22 1. INTRODUCTION A need for reusing a configuration to deploy it again and rebuild infrastructure. Reusing a configuration of a single computation node can also be taken into account. This aspect matters when the experiment is executed again. A need for reusing an existing virtual machine image. In order to deploy a configuration it may be reasonable to reuse a stored image providing base elements of the environment. Despite some commonalities between the two groups, the same task may for a scientist mean a different problem to be addressed. During the software installation, they can face some issues they are not familiar with. Problems may come from a broad domain comprising such issues as the need for operating system administration skills, familiarity with infrastructure, having appropriate privileges and others. So that, in order to meet the requirements of usability, the level of environment preparation complexity in the designed system should be as low as possible. There are several methods known to satisfy the above needs. In this section three classes of them will be presented in order to outline different approaches to the problem Distributed Shell Distributed shells is a class of software products that allow to configure multiple instances of similar operating systems. There are plenty of applications belonging to this class of software. Some of the examples are clusterssh [16], pssh [44], clusterit [15], omnitty [43], taktuk [53], dish [19], dsh [20]. Distributed shell allows to simultaneously log into a number of remote consoles (all of the above solutions are based on SSH) and replicate commands among them. The key assumption of the tools, which belong to this class of software, is a wish that all of the operating systems that are configured at once, are virtually identical and react in the same way. Of course applications from this group will not satisfy the need for easing the installation process. It is also hard to imagine automation based on this kind of software. The clear advantage over configuration without any additional tools is a possibility to save some time that is wasted on repetition of identical configuration steps Unattended Installation Unattended installation is a notion that describes a class of software products, which allow to install a specific configuration of on operating system without any (or just a little) interaction with user. As the automation is performed at the installation phase, the starting point of this solution is a situation when we have a machine (in particular a virtual machine) without 4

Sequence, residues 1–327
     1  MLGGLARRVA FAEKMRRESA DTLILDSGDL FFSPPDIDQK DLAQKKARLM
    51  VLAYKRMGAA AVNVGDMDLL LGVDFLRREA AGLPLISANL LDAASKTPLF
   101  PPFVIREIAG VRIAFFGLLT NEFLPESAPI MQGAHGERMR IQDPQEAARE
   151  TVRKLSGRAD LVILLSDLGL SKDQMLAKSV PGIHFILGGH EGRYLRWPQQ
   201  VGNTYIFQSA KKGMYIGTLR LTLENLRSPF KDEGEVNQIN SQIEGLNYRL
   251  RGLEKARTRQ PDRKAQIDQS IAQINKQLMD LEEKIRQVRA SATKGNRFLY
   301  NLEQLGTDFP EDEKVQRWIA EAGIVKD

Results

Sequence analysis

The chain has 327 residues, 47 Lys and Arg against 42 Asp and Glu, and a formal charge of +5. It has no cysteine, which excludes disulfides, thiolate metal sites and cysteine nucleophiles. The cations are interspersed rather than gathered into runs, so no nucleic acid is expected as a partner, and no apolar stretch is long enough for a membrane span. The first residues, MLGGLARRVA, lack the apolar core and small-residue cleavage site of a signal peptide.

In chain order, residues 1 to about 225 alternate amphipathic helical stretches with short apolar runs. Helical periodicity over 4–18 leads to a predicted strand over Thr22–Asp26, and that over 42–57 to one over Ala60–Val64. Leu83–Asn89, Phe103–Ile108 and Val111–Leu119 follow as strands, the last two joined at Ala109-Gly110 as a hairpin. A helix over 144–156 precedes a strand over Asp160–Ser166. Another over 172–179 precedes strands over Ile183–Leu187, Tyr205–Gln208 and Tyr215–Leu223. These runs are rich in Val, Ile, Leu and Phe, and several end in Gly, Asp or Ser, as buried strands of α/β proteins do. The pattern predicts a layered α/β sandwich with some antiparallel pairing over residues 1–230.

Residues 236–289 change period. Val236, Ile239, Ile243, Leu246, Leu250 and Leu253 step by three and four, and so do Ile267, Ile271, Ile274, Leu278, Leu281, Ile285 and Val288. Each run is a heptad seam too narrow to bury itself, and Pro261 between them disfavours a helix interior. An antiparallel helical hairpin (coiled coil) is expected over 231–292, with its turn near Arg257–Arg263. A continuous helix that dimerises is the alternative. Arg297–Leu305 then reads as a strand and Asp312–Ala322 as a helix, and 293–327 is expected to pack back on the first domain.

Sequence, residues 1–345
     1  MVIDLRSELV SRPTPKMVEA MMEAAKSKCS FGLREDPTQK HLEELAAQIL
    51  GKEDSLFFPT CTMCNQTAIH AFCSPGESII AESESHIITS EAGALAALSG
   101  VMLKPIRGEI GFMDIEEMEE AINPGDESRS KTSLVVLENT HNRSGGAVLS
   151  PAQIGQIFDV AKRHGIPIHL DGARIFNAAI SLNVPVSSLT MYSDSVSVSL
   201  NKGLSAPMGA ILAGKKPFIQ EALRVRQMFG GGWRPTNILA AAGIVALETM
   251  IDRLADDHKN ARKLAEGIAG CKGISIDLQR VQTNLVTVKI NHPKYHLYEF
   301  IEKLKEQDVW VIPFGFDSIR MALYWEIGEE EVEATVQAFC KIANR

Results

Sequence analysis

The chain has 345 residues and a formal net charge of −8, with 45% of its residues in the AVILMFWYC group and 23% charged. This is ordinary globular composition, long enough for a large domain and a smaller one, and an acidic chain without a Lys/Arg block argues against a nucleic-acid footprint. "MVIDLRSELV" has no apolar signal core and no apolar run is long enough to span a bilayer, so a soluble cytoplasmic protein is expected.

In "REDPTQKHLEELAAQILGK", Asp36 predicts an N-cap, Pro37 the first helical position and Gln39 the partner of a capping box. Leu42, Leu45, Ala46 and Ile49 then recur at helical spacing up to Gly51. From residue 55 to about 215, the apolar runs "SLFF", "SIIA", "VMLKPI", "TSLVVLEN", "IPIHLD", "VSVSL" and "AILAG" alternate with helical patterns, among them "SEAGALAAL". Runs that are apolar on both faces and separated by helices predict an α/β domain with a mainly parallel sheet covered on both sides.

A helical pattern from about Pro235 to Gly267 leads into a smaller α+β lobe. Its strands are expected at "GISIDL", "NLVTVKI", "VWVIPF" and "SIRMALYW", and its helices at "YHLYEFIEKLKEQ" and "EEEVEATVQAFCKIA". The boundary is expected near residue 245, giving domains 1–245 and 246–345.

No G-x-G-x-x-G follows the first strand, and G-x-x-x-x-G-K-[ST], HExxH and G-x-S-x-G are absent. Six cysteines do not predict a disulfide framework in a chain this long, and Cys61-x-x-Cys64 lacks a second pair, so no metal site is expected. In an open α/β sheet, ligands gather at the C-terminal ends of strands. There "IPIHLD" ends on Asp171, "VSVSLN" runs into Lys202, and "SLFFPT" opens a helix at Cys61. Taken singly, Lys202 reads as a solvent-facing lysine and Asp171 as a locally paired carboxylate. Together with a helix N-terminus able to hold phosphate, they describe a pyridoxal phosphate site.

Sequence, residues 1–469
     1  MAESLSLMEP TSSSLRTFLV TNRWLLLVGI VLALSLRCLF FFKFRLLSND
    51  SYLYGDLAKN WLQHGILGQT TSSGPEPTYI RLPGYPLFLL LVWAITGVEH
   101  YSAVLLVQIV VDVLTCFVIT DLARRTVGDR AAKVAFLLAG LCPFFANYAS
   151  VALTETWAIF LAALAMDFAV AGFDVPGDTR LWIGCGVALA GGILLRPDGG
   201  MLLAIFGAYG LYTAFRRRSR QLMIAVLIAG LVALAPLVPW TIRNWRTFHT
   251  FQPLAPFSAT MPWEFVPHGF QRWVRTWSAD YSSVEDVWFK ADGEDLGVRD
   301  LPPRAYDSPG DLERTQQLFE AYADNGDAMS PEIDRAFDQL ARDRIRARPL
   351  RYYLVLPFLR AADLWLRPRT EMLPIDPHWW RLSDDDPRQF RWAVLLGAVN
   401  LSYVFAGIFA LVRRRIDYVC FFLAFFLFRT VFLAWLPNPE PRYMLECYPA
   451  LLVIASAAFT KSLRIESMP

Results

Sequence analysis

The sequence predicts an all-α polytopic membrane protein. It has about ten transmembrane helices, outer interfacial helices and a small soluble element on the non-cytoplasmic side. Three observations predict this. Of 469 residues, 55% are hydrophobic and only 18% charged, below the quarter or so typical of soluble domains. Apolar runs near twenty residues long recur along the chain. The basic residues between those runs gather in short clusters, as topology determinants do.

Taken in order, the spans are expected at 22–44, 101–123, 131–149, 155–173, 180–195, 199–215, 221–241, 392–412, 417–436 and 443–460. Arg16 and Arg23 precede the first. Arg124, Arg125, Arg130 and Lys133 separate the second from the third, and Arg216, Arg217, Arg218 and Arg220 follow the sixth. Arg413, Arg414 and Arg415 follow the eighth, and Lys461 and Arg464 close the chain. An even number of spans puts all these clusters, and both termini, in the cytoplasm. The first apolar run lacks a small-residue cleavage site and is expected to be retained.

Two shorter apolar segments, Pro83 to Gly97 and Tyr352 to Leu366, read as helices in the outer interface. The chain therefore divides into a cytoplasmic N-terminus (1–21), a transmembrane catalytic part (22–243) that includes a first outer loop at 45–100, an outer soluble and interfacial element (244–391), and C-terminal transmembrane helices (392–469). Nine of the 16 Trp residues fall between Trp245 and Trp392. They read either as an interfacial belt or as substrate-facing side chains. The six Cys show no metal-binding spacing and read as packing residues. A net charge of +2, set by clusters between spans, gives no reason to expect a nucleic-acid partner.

23 1.2. Survey of automatic software installation methods any operating system. The requirements specific for this thesis imply that the cloud provider will support such situation. However, as it was examined that factor should not raise any problems as long as we think of local cloud administration. The method can be useful in case of using Preboot Execution Environment (PXE). PXE allows to boot an installer of operating system from the network, download a kickstart configuration file (the kickstart name is used here to represent of a class of solutions rather than a concrete product) from TFTP server, and perform unattended installation. This class of solutions is addressed to administrators who want to ease the process of system installation, especially when the target infrastructure is composed of a considerable number of nodes. On the market there are a number of solutions specific to an operating system that support Unattended Installation paradigm - RedHat/Fedora Kick- Start [1], Ubuntu KickStart [4], Solaris JumpStart [50], as well as Unattended [57] and Fog Project [25] (cloning image only) for Windows. This approach should satisfy most of the requirements as the process of installation is fully automatic. A configuration of single node can be easily replicated and there is an easy way to reuse a configuration that has been created before, so this solution seems to be promising in terms of the requirements mentioned before. A disadvantage of this approach is the fact that there is no way to make use of previously saved virtual machine image. So that each configuration has to be deployed from scratch including the installation of an operating system. It seems that this is a limitation that may considerably slow down the process of deployment Provisioning Tools The last class of software to automatically deploy a distributed environment, covered by this review is a group of provisioning tools. These tools are usually built in a client /server architecture, and allow to manage operating systems by installing a lightweight client on a target machine. Client configures the operating system and performs installation of software on behalf of the central management system. Most of them allow to monitor some system attributes as the architecture, type of operating system, network addresses (MAC, IP), memory etc. The software of that type is oriented towards operation during the entire operating system lifecycle so there are no limitations as those listed in the previous paragraph. There are a number of provisioning tools on the market and some of the most popular are Bcfg2 [6], CFEngine [9], Chef [11], Puppet [45]. Although there are some similarities of the software products belonging to this group, each of them implements its own concept of deployment mechanism. Differences start from the form of installation packages, concern scripting and configuration representation languages, operating system support and available API. Most of them allow to use SSH in order to bootstrap 5